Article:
By Matt Flaherty
In order to get the most out of college, students have to put a lot of effort in their studies. In other words, you get what you put into college.
There are plenty of students who coast through their two or four years of postsecondary education and earn a degree; however, they do not receive much benefit other than being more mature. There are also many students who work hard to earn their degree, but after being in the workforce, they realize that their education did not give them the necessary skills to be successful.
Then, the college student graduates and starts working in an industry that their college supposedly prepared them for. The difference, then, is that there is no coasting. There are no professors who are willing to extend deadlines on their papers. The supportive social structures of sports, extracurricular activities and classrooms of college no longer exist.
College students certainly have to be able to manage their time well, but are they getting the most out of their dedicated study time? Student athletes benefit from being surrounded by like-minded peers, but what happens when they graduate and don’t have that same social structure anymore? College is a place where students get a new perspective on life; what if this new perspective changes your old relationships?
For most if not all college students, the transition out of school and into the workforce and their career is an exciting, yet stressful, time. So, what kind of skills and strategies can a college student start using and developing in school that will help them for the rest of their lives, regardless of what industry they work in?
College students are on their own to learn the concepts of time management, mindfulness and professional development. This column will serve as a starting point for students looking for these types of resources. To name a few of the resources that will be included, there are podcasts, young professionals’ networking groups in Greater Portland, morning and evening routines, and workplace communication tips.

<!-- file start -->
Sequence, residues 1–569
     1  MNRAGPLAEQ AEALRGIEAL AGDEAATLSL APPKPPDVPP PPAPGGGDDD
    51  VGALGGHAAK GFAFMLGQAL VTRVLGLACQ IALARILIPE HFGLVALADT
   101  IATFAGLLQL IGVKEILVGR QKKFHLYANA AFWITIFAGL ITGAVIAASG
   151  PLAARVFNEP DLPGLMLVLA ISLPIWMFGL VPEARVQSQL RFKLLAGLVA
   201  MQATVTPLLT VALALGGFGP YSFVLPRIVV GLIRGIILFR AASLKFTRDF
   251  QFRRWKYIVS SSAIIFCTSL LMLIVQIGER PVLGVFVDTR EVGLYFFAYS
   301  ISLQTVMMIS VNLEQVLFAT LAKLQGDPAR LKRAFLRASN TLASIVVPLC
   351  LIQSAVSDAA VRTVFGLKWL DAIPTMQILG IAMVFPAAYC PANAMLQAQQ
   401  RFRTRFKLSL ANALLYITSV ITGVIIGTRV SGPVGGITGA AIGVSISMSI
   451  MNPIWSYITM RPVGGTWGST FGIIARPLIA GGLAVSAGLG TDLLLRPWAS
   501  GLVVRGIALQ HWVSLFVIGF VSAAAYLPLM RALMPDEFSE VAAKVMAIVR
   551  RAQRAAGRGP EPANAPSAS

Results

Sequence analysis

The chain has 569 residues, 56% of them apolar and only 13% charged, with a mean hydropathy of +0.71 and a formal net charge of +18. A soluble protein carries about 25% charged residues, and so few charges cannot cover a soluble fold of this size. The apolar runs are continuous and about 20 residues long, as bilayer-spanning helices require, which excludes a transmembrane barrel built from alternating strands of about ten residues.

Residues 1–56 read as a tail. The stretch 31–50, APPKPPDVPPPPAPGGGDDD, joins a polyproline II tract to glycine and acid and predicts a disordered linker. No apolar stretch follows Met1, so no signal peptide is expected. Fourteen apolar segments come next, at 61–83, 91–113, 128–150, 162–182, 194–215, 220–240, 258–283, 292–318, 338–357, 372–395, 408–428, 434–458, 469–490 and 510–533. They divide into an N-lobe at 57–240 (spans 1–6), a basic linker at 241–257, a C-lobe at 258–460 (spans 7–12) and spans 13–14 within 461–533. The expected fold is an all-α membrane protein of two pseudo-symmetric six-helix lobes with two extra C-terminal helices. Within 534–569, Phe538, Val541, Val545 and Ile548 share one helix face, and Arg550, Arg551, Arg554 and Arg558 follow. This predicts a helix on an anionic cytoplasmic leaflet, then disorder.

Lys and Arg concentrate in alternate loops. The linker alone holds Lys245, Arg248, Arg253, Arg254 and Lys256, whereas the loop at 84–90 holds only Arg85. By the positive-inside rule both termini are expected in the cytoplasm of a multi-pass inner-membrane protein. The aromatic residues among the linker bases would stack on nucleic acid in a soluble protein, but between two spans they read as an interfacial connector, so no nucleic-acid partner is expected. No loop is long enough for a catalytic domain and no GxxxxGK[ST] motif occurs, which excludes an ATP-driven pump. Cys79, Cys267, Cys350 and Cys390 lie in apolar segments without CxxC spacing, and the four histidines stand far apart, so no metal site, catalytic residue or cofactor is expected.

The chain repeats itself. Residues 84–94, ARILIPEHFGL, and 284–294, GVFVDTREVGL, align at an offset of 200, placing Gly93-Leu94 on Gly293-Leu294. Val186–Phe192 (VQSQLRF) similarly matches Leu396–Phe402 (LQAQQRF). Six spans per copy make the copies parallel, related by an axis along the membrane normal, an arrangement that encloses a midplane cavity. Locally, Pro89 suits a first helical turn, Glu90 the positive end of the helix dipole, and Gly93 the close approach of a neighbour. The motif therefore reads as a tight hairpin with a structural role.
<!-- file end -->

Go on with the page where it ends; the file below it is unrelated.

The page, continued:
Here is one productivity tip that has helped countless people with a smartphone. Whether you are studying for a big test, doing some reading or trying to unwind before sleep, your phone can be a huge distraction.
A simple trick for this problem is to put your phone on “Do Not Disturb” mode. iPhones and Androids have this feature, and silence all phone calls and text messages — no vibrations, and the screen won’t even light up. You can always change the settings to allow phone calls from certain people if you are worried about receiving an emergency phone call. In addition to that, if a person calls two times in a row, the phone will bypass its silence settings and ring in case it is an emergency.
This mode is useful for study time, but also helpful if you want to get some “me” time. I hope you find it useful!
Be on the lookout for this column in the next issue of The Beacon, titled “Tips and Tricks for a Better You.”